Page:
ISSN 1016-1007 GPN2005600032
頁數:97-148﹣97-148 組裝行動與混成的情緒: Instagram使用者的憂鬱書寫、連結與共生 Assembled Actions and Hybridized Emotions: The Posting, Articulating, and Symbiosis of Depressed People “with” Instagram
Chia-Rong Tsao, Zhao-Hong Chen
assemblage, Instagram, new materialism, posthuman, the depressed people
This research examines how “we” (including human and non-human actors) affect each other on Instagram and thus engender emotions, feelings, and actions in the contemporary post-human condition. Different from Sherry Turkle’s argument in Alone Together, we do not regard the state of always relying on connections with each other to be a symptom of a fragile and narcissistic self. This research argues that, in the post-human condition, we are no longer traditional humanist subjects who are regarded as independent and individualized subjects. The concepts of “self” and “subject” need to be redefined and understood in the context of contemporary technological developments and changes. It is not to say that “humans” do not have “self” or are not “subject” anymore; rather it means that what needs to be changed is to treat “human” as completely independent individuals with definite boundaries. The post-human condition also means that the perspective of traditional humanism no longer can explain who (or what) are the real “actors” any more. In other words, we need to reconsider everyday life from the more-than-human perspective.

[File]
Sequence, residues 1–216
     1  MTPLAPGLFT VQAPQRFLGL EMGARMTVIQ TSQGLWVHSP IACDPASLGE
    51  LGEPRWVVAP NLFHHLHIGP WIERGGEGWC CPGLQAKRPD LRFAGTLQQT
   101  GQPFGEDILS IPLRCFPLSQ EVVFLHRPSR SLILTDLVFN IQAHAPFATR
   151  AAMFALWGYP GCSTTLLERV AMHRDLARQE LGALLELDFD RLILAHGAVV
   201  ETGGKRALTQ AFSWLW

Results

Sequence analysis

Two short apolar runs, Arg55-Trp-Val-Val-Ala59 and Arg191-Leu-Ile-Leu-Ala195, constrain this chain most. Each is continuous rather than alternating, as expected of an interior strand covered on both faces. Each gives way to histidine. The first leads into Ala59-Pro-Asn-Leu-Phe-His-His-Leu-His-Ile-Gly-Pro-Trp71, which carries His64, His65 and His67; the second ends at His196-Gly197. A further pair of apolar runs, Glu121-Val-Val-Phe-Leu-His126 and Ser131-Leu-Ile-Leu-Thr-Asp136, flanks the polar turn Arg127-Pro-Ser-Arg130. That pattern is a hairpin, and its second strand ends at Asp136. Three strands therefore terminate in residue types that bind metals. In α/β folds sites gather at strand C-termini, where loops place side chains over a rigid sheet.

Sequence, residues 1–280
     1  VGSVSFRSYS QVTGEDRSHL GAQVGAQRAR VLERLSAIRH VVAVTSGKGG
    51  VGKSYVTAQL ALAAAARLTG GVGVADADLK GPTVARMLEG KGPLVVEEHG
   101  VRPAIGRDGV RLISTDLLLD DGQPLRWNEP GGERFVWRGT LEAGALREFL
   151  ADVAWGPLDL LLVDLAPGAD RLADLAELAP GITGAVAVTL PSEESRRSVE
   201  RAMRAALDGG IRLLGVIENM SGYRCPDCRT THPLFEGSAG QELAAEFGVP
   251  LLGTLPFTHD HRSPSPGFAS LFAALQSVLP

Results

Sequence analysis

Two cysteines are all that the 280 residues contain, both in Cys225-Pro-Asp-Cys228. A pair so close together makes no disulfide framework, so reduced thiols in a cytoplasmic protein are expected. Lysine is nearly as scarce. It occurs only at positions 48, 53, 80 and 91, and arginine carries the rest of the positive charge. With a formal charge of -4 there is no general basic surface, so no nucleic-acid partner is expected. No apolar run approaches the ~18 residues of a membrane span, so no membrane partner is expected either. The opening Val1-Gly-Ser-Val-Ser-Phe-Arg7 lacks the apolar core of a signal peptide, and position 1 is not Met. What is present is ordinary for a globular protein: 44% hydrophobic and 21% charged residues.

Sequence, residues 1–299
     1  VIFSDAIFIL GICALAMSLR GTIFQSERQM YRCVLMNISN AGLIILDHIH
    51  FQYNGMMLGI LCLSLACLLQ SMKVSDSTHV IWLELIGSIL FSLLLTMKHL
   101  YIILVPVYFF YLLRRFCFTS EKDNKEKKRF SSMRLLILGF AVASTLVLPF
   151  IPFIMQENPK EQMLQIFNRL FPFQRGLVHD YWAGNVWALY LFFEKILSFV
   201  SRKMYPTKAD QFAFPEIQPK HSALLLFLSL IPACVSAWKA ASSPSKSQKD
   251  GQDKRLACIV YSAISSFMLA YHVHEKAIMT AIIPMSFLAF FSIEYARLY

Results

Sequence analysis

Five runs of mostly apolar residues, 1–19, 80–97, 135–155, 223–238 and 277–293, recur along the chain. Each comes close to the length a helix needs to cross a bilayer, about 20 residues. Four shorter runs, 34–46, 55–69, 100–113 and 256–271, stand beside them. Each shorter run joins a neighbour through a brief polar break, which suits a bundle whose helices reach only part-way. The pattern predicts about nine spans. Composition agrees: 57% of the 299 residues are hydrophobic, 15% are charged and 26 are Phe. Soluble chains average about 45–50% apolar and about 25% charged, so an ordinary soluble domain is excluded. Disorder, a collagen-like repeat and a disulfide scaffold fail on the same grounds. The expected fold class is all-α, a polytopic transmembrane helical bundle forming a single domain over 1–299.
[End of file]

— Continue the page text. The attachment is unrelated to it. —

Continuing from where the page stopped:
This research takes the daily using and posting practices of depressed people on Instagram as the example and adopt new materialism as our theoretical frame. Taking depressed people on Instagram as the example does not mean that they are special cases. On the contrary, we regard the efforts and struggles of depressed people on Instagram as activities against the contemporary consumer culture. Unlike “normal” users who typically present their glamorous selves, depressed users on Instagram look for a supportive place or relationship. Their activities also accentuate how humans (and non-humans) affect each other and through this illuminate for us the limitation of Turkle’s criticism of “the collaborative self”, which is based on the perspective of the traditional humanism.

The research materials are mainly gathered in two ways. First, one of the researchers, who is also a depressed Instagram user, records his own experiences and observations on Instagram. The researcher began writing his own daily experiences and feelings on Instagram in 2014 and started to make connections with other depressed users through the mediation of specific hashtags at the beginning of 2018. The researcher recorded these personal experiences and field observations during early 2018 to early 2020 through his autobiographical writing and field notes. The second part of our research materials is interview data of depressed users with whom the researcher make connections on Instagram. In addition to building relationships online, depressed users on Instagram also have held offline gatherings to develop relationships further. The researcher has joined the gatherings several times and through this built trusted relationships with some of the participants. After that, the researcher interviewed four depressed users in late 2019 and early 2020.